If you want to stick with something as close to Google Notebook as possible, Zoho Notebook may just be your best bet. The user interface has some significant changes, but in general, Zoho Notebook has pretty similar features. There is even a Firefox plugin that allows you to highlight content and drop it into your Notebook. You can go a bit further, though, dropping in any spreadsheets or documents you have in Zoho, as well as some applications and all websites — to the point that you can control a desktop remotely if you pare it with something like Zoho Meeting.
  2. Evernote
    The features that Evernote brings to the table are pretty great. In addition to allowing you to capture parts of a website, Evernote has a desktop search tool mobil versions (iPhone and Windows Mobile). It even has an API, if you’ve got any features in mind not currently available. Evernote offers 40 MB for free accounts — if you’ll need more, the premium version is priced at $5 per month or $45 per year. Encryption, size and whether you’ll see ads seem to be the main differences between the free and premium versions.
  3. Net Notes
    If the major allure for Google Notebooks lays in the Firefox extension, Net Notes might be a good alternative. It’s a Firefox extension that allows you to save notes on websites in your bookmarks. You can toggle the Net Notes sidebar and access your notes as you browse. You can also tag websites. Net Notes works with Mozilla Weave if you need to access your notes from multiple computers.
  4. i-Lighter
    You can highlight and save information from any website while you’re browsing with i-Lighter. You can also add notes to your i-Lighted information, as well as email it or send the information to be posted to your blog or Twitter account. Your notes are saved in a notebook on your computer — but they’re also synchronized to the iLighter website. You can log in to the site from any computer.
  5. Clipmarks
    For those browsers interested in sharing what they find with others, Clipmarks provides a tool to select clips of text, images and video and share them with friends. You can easily syndicate your finds to a whole list of sites such as Facebook, Twitter and Digg. You can also easily review your past clips and use them as references through Clipmarks’ website.
  6. UberNote
    If you can think of a way to send notes to UberNote, it can handle it. You can clip material while browsing, email, IM, text message or even visit the UberNote sites to add notes to the information you have saved. You can organize your notes, tag them and even add checkboxes if you want to turn a note into some sort of task list. You can drag and drop information between notes in order to manage them.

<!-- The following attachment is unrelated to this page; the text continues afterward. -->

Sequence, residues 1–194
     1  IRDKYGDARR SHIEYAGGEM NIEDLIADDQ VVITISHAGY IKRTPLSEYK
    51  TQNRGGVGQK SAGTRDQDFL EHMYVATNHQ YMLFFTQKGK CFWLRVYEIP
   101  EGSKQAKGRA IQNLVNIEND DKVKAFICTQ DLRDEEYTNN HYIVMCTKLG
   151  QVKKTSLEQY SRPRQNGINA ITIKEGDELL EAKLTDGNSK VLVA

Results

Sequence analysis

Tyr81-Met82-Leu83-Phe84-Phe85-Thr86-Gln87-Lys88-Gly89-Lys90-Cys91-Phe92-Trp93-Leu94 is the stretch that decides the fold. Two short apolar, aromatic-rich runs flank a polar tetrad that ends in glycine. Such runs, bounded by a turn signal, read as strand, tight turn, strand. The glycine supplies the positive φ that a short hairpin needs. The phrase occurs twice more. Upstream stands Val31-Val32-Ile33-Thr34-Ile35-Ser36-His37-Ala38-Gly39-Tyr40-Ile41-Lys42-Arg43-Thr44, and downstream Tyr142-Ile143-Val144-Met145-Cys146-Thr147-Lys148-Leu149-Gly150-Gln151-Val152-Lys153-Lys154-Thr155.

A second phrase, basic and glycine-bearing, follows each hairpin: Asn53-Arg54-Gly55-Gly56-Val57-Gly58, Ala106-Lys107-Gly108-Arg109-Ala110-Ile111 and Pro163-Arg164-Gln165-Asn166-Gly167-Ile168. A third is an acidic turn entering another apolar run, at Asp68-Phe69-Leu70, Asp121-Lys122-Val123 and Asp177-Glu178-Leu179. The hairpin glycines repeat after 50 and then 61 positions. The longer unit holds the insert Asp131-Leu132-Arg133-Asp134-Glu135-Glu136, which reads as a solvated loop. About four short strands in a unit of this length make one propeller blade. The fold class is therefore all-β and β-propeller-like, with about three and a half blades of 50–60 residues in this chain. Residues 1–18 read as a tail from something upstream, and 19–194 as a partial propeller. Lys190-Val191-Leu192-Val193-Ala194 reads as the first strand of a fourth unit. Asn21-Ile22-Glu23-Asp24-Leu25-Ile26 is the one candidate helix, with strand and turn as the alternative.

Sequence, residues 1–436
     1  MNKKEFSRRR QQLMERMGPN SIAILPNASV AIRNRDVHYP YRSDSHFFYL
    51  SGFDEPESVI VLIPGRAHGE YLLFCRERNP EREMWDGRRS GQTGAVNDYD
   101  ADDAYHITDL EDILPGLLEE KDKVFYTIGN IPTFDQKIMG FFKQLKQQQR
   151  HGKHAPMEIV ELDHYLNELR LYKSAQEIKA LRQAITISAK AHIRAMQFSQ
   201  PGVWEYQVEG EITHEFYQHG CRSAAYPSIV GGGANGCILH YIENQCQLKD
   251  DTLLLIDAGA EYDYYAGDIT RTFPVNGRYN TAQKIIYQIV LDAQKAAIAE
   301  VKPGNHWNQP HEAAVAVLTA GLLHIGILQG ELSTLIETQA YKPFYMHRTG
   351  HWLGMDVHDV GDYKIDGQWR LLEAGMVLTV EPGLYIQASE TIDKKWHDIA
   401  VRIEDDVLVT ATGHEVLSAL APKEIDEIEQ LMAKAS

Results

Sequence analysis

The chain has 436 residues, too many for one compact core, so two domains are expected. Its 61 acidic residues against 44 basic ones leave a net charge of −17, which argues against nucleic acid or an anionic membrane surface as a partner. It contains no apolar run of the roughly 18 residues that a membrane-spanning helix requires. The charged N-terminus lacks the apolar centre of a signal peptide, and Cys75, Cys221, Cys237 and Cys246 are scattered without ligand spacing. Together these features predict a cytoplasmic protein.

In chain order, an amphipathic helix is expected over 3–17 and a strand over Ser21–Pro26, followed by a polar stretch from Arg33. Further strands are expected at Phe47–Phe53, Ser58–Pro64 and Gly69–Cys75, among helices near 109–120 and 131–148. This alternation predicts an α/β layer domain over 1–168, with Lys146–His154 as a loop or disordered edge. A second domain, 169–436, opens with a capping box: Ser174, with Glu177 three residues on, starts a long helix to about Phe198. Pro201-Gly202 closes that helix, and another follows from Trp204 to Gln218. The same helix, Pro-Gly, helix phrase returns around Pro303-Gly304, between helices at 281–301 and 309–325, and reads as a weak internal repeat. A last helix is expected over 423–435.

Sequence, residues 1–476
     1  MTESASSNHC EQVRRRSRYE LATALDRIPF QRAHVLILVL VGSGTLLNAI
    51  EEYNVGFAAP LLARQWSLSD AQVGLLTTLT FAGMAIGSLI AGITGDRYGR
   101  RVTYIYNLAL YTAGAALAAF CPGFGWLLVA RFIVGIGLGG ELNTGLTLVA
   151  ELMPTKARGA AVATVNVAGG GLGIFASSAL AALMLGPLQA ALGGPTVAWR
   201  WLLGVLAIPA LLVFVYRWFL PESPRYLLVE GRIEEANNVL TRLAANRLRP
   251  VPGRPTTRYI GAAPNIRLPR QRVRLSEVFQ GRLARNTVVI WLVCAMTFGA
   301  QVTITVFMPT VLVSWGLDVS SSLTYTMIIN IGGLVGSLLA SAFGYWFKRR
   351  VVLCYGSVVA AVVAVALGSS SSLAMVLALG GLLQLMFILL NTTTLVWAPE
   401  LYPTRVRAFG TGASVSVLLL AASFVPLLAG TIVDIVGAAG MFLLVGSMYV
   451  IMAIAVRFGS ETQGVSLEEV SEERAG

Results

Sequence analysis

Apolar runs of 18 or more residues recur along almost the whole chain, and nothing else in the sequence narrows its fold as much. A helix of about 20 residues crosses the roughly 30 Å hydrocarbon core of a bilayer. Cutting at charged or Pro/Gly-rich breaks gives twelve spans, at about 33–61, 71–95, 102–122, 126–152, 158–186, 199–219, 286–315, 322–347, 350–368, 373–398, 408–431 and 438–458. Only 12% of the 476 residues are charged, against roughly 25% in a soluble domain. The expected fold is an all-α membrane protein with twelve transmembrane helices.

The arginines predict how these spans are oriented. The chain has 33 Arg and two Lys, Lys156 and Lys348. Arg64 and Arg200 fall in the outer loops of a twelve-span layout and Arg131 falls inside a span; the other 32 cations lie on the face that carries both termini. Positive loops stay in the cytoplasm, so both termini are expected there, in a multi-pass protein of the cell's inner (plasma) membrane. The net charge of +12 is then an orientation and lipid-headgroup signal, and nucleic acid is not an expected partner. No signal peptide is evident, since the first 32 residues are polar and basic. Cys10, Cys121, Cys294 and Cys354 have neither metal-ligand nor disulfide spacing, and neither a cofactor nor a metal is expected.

7. iLeonardo
    iLeonardo treats research as a social concern. You can create a notebook on iLeonardo on a particular topic, collecting information online. You can also access other people’s notebooks. It may not necessarily take the place of Google Notebook — I’m pretty sure my notes on some subjects are cryptic — but it’s a pretty cool tool. You can keep notebooks private if you like the interface but don’t want to share a particular project. iLeonardo does allow you to follow fellow notetakers and receive the information they find on a particular topic.
  8. Zotero
    Another Firefox extension, Zotero started life as a citation management tool targeted towards academic researchers. However, it offers notetaking tools, as well as a way to save files to your notebook. If you do a lot of writing in Microsoft Word or Open Office, Zotero might be the tool for you — it’s integrated with both word processing software to allow you to easily move your notes over, as well as several blogging options. Zotero’s interface is also available in more than 30 languages.

I’ve been relying on Google Notebook as a catch-all for blog post ideas — being able to just highlight information and save it is a great tool for a blogger.


In replacing it, though, I’m starting to lean towards Evernote. I’ve found it handles pretty much everything I want, especially with the voice recording feature. I’m planning to keep trying things out for a while yet — I’m sticking with Google Notebook until the Firefox extension quits working — and if you have any recommendations that I missed when I put together this list, I’d love to hear them — just leave a comment!